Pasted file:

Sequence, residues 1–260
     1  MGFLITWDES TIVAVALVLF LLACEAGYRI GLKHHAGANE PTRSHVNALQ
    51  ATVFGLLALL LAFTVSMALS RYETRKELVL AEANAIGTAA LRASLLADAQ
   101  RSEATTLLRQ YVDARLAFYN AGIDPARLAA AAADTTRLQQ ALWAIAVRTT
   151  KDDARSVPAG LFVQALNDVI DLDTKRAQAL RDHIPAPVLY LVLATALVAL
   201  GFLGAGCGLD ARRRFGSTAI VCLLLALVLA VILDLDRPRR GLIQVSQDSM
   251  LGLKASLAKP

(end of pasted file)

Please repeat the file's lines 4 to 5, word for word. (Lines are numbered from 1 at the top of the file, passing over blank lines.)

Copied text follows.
   101  RSEATTLLRQ YVDARLAFYN AGIDPARLAA AAADTTRLQQ ALWAIAVRTT
   151  KDDARSVPAG LFVQALNDVI DLDTKRAQAL RDHIPAPVLY LVLATALVAL